I was happy.
I had a dream job that I never wanted to leave. I had a great team of creatives. I had it all.
Then, I lost it all.
The short story is that I was a victim of workplace bullying. A new CEO came in, and turned my world upside down in every cruel way possible until the day I was fired. Rejected from a career I loved.
I was lost.
Losing my job at and suffering the mental anguish that comes with workplace bullying was devastating. I went through phases of blaming myself, blaming my boss, blaming the universe. I was unsure, with all of my self-confidence wiped out. I remember job searching right after my job loss and looking at positions that were below my abilities because I was too afraid I wouldn’t be considered for the top paying jobs in my profession.
Out of the blue, I received a phone call from a fellow co-worker. We had never been close. She was one of those passive aggressive corporate mean girls who no doubt took a certain amount of delight in my demise. This is how the conversation began:
“Hi Ree! I hope you’re doing well,” she said. “I have a question for you, so you’ll have to think back to when you were a marketer, dreamer, creative person….”
At that point I heard nothing she said and cut the phone call short without answering her question. Why was she talking about my career and abilities in the past tense? Who says I wasn’t still all those things she listed? Why does she get to decide what I am?
That conversation snapped me back to reality. It snapped me to the start of my revolution.
Coincidentally, during this time period I became obsessed with the Hamilton soundtrack. I even downloaded the Hamilton Mixtape because I couldn’t get enough of the incredible lyrics from the musical. I Wrote My Way Out became my anthem. I started writing everything down. I wrote a fictional version of my bullying and firing. I wrote about my anger. I wrote about what I wanted to do. I wrote and wrote and wrote.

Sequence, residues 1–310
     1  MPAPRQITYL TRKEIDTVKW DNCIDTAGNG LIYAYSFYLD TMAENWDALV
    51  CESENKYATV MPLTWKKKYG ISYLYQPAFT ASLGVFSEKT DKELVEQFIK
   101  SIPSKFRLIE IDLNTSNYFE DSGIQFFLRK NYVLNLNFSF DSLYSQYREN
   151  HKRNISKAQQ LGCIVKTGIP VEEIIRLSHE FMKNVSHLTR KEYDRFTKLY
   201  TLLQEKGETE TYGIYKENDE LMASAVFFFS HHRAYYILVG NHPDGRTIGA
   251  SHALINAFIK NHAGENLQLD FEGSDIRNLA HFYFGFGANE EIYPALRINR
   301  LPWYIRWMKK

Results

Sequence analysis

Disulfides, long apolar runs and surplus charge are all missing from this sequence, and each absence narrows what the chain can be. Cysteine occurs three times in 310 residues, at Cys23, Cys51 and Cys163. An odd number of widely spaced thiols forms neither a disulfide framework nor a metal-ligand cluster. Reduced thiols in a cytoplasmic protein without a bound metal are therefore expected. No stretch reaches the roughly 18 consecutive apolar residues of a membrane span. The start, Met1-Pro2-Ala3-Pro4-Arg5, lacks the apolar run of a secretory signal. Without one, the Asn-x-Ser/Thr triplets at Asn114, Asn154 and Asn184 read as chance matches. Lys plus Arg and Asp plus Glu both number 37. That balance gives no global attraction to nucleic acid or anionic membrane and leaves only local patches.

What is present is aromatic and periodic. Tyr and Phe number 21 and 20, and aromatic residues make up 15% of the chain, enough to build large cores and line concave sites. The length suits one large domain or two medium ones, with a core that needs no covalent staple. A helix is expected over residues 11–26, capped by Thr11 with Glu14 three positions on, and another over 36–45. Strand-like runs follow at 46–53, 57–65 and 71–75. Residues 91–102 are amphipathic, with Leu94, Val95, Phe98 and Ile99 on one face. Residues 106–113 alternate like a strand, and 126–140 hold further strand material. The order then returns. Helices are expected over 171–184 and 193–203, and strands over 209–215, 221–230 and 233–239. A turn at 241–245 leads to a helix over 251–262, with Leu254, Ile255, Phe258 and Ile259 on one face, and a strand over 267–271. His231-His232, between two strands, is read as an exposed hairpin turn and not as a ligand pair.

With an outlet for all my angst, I was able to land a job that I liked that allowed me to continue to focus on my writing. I learned about an event at the local chamber of commerce, and I made a connection there. That led me to launching my own small business for marketing and communication. I still had colleagues in my old industry and I reached out. They helped me land a few clients. In my first year of business, I earned $40,000 to supplement my income.
I didn’t stop there. With a job that wasn’t as high profile and high pressure, I prioritized my health. I lost 30 pounds and discovered the healing aspects of intermittent fasting. I learned pilates. Wanting to take more changes, I took a pottery class. Frustrated with the state of our nation, I worked on my first political campaign contributing to positive changes in my community. And I kept writing.
I ended up writing a book that I published in hopes of helping others to start their own revolution. It was a healing process for me so even if no one reads it, it doesn’t matter. Writing was my way out of the darkness. Writing continues to light the way for me.
My revolution was about taking back the control that I always had, even during the hardest times. I was able to re-commit to me.
Today, I am happy.
I am a writer. And a reject who started her own revolution.